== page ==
The SQA must act to staunch the flood of unit assessments that has done so much damage, says Judith Gillespie
LISTENING to John Elvidge, head of the Scottish Executive Education Department, as he gave evidence to the Parliament's education committee inquiry into the exams fiasco, a stranger would have been forgiven for wondering what all the fuss was about.
After all, more than 97 per cent of the certificates were accurate and the Scottish Qualifications Authority nearly coped. There was no data excess as the total amount handled by the SQA increased by only a third overall. The problem came out of the old, previously reliable Scottish Examination Board sector and had nothing to do with the former Scottish Vocational Education Council element although, of course, the SQA was a single organisation, not one made up of two halves.
Listening to David Elliot, former director of awards with the SQA, our stranger would have had a very different impression. His evidence told of an organisation in crisis, coping with one massive setback after another until finally it was overwhelmed by huge amounts of data.
My own take on affairs is closer to Mr Elliot's version than Mr Elvidge's. An increase of a third is not insignificant - think of pay rises or inflation at 33 per cent. Moreover, that whole increase in data came out of Higher Still, which itself formed only a small part of the SQA's qualification portfolio. Put another way, this "small" section of SQA's work saw such a massive increase in data that it resulted in an overall increase of a third.
Worse, the data was end-loaded. Many youngsters were doing all the unit assessments together at the very end of the course, immediately before the external assessment.
The perspective on this is important because of what you see as necessary to avert a similar crisis this year. If you take the Elvidge "minimalist" position then the problem is not great and can probably be solved by putting in the odd extra data manager. However, if you take the "SQA was overwhelmed" view then far more drastic action is needed - either a lot more data managers or a reduction in the amount of data to be handled if a similar crisis is to be averted next year. The problem becomes much more urgent once you consider that several new courses, with a consequential increase in data, are under way this year for the first time.
Now it may be good, in a period of high unemployment, to create a lot more jobs, but that's not the situation now. In any case, the data entry for the various qualifications is a complex business and cannot be done by just anyone. Also, the excess in data is not just a problem for the SQA. Schools have to key in all the information on unit assessments and resits.
Reducing the amount of data which has to be handled makes sense all the way round. However, there are a number of considerations that have to be bone in mind. The 2000-01 session is already well under way and it's not sensible to make drastic changes to courses which are already up and running. Survey evidence, taken before the SQA fiasco clouded everyone's view, would suggest that parents and pupils quite like the units. They help students work at a steady pace rather than dreaming through the year and then doing a study crash at the end. FE colleges find the units well suited to their students' needs for incremental learning, which is sometimes over a longer period of time.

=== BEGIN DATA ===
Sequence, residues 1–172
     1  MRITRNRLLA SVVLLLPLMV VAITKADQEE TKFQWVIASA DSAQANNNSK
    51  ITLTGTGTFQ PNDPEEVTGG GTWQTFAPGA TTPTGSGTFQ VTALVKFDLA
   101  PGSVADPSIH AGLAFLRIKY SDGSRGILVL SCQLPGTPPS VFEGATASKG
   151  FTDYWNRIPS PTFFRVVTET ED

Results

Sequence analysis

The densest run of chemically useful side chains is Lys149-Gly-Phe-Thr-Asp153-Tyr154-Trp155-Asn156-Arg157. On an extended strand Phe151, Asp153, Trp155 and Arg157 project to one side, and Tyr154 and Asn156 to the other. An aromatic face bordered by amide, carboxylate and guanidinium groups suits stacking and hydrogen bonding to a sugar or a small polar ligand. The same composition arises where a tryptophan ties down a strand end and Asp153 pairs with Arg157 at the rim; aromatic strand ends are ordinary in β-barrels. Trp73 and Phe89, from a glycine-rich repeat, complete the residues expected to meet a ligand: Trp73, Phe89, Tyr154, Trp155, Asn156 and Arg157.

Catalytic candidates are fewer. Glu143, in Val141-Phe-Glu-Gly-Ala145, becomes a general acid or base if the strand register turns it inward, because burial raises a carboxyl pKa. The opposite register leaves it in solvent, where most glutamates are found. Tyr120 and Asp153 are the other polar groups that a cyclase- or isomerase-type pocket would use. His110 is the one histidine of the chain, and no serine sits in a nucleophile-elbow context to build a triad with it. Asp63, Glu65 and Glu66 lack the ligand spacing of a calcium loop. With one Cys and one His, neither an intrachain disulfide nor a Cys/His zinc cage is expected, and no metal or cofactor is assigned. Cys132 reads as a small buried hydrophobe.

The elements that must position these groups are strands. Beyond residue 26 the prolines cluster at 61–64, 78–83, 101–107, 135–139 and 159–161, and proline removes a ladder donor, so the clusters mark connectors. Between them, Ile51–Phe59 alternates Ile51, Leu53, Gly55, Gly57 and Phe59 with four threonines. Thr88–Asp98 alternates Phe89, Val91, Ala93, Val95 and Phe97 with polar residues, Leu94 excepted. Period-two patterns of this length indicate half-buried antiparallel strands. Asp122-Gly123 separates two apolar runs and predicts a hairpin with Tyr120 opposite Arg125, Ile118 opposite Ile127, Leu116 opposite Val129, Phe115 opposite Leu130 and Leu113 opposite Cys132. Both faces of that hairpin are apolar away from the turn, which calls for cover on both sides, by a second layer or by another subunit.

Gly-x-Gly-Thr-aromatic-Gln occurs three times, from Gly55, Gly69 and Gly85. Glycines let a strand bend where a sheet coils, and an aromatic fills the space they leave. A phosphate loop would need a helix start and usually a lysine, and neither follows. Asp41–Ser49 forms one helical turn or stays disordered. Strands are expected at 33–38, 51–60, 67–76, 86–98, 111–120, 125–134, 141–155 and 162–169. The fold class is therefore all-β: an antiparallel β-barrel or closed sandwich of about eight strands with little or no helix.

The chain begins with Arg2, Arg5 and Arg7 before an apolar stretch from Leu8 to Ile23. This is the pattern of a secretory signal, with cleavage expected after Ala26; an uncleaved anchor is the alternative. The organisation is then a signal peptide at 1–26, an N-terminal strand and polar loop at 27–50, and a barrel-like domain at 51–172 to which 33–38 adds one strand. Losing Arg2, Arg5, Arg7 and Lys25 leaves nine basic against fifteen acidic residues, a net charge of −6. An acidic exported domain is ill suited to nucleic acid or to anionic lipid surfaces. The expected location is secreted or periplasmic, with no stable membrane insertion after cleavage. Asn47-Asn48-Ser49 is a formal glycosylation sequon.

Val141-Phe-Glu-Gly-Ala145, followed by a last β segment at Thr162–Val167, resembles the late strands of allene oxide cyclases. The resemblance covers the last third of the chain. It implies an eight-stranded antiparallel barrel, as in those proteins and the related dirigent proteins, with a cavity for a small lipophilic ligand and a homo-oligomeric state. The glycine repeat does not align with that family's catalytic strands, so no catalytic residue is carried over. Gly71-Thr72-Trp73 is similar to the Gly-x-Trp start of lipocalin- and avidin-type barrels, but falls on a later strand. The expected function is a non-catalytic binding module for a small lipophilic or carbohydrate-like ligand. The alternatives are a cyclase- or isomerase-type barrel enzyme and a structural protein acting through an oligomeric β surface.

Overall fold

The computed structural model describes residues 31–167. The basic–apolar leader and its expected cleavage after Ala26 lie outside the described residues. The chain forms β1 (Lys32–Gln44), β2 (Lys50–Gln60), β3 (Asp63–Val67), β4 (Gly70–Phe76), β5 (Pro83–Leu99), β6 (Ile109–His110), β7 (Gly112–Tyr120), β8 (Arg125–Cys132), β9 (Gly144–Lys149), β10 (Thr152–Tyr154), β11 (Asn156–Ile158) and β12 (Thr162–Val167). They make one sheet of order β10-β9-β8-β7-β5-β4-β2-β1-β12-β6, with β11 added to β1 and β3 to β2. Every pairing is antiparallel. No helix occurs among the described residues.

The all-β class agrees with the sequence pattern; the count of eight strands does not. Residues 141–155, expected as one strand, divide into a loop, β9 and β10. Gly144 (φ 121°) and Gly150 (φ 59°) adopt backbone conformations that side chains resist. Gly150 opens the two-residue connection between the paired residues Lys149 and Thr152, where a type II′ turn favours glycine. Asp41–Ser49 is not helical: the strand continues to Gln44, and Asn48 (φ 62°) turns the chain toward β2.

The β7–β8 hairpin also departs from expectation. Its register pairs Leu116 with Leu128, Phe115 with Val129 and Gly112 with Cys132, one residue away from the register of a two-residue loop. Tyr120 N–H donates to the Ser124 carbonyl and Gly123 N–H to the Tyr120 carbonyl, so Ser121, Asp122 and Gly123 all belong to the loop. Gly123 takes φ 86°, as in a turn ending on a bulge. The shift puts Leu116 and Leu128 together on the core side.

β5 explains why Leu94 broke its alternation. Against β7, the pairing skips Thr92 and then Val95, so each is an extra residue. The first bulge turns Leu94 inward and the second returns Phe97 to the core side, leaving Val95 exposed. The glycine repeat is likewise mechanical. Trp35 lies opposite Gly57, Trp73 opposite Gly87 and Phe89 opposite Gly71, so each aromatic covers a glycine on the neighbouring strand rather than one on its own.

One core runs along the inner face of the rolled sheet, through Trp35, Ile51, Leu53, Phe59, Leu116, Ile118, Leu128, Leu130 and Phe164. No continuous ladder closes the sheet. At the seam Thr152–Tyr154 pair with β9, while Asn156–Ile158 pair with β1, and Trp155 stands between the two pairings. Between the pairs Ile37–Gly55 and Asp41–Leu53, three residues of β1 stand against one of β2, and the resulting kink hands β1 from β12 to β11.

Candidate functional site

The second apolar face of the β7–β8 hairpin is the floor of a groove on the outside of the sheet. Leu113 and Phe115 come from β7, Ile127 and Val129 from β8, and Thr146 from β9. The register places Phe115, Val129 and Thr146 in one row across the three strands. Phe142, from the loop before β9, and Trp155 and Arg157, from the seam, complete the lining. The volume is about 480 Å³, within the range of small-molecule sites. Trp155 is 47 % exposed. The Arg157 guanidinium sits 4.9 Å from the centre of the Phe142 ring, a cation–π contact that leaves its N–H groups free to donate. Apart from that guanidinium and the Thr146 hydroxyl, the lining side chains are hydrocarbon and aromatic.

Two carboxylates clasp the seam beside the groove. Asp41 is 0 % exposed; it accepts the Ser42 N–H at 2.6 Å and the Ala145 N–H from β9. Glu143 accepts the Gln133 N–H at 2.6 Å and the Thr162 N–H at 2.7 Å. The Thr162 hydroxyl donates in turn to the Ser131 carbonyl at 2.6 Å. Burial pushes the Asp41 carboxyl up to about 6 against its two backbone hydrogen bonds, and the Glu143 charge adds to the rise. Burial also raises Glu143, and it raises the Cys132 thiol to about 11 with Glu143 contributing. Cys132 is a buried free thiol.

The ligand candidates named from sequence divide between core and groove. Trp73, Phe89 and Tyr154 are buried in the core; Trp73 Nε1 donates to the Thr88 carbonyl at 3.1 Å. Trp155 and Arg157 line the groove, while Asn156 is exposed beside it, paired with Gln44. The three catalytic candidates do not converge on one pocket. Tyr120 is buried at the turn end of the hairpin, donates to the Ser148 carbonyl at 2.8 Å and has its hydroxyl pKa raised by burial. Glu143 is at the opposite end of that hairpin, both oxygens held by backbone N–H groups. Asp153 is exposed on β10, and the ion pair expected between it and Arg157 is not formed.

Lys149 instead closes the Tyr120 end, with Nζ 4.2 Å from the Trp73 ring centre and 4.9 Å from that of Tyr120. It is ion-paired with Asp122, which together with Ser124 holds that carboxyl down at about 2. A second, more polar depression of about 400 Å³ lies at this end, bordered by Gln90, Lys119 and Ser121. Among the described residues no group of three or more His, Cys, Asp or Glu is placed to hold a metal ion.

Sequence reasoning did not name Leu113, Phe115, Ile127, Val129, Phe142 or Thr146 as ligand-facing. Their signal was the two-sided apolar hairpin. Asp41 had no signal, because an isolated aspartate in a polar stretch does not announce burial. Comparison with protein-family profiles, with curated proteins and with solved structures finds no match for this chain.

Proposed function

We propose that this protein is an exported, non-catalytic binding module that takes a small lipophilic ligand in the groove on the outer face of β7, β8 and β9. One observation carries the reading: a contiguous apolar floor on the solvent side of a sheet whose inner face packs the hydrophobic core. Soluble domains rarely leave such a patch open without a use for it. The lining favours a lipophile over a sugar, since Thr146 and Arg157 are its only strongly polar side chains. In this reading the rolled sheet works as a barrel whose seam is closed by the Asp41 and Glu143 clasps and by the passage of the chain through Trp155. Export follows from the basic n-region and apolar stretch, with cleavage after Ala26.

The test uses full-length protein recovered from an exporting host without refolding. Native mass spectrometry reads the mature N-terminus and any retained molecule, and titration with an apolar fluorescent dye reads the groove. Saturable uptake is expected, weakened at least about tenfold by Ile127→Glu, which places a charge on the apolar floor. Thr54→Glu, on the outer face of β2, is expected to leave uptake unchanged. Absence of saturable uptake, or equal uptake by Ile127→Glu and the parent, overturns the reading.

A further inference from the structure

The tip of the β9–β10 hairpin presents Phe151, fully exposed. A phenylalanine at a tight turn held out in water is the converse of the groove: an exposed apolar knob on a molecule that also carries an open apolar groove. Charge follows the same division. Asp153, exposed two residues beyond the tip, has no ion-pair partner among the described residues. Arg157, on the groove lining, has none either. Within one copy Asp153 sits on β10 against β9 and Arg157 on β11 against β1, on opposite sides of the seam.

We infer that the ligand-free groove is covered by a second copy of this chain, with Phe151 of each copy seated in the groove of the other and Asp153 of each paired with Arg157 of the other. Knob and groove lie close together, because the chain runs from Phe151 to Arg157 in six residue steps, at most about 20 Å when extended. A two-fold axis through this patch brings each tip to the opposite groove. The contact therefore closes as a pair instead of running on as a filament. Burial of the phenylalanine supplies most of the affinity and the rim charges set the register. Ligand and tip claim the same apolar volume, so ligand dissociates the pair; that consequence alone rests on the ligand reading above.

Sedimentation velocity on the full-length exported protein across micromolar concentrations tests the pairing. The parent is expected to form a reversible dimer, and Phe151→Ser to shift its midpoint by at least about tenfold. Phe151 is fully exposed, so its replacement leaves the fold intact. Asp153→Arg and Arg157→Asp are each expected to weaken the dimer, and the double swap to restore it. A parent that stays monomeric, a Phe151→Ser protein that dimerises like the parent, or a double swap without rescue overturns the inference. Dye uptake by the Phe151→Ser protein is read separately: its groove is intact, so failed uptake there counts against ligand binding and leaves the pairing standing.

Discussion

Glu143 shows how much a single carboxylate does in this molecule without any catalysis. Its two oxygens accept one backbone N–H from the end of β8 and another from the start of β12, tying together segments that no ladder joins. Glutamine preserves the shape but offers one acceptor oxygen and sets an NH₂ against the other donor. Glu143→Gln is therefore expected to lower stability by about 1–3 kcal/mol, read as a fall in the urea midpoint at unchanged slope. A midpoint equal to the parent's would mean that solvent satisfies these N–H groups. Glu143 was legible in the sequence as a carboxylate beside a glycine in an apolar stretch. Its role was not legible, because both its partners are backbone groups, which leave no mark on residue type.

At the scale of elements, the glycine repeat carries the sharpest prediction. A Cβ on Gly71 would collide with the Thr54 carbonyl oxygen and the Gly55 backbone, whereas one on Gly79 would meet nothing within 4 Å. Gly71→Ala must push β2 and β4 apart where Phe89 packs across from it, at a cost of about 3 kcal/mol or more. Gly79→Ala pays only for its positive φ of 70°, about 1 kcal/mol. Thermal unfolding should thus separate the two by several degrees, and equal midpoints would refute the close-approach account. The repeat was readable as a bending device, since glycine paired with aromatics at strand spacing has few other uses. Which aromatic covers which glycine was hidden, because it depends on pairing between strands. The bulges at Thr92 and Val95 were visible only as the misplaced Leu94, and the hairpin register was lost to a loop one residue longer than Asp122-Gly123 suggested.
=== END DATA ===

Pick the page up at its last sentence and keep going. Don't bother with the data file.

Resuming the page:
So what is needed is a change which reduces the data burden but protects the course format, including the units. My proposal would be that where students take the course in a single year, unit assessments are left totally to the schools or colleges. Teachers could use National Assessment Bank materials or their own tests to satisfy themselves that the students were competent at the work, hold the information in schools, and confirm the accuracy of their judgment when the student passed the external assessment which in turn would trigger automatic recording of unit passes.
This would immediately remove the requirement for centres to pass on data on internal assessment in at least 70 per cent of cases - the percentage of students who, on previous figures, passed Higher.
However, if students wanted to do a freestanding unit, either in another subject or at a different level, teachers would undertake formal assessment of that unit and the information would be passed to the SQA for recording. Similarly, if a student wanted to collect the course over more than a year - if for example they were working on a part-time basis - then similarly the units would be formally assessed and the pass recorded by the SQA.
This just leaves those students who fail the end exam. In this case schools could pass over the information they held so that the SQA had a record of the units which had been passed. And, under the Higher Still regime of courses at different levels, fewer students are likely to be involved than the 30 per cent of entrants who failed the old Higher.
The advantage of this system is that it protects the format of the current Higher Still and it does not make a divide between schools and FE as it is the time taken to do the course which is the determining factor on whether unit passes are formally recorded or not. However, at a stroke it reduces the amount of data handling.
It can also be done this year, thus reducing the likelihood of the SQA being overwhelmed again and another group of students finding that they have been given no award because the data on their internal unit passes has not been entered into the SQA's computer. It also has the support of all the unions - all, that is, except the Educational Institute of Scotland.
Judith Gillespie is development manager of the Scottish Parent Teacher Council.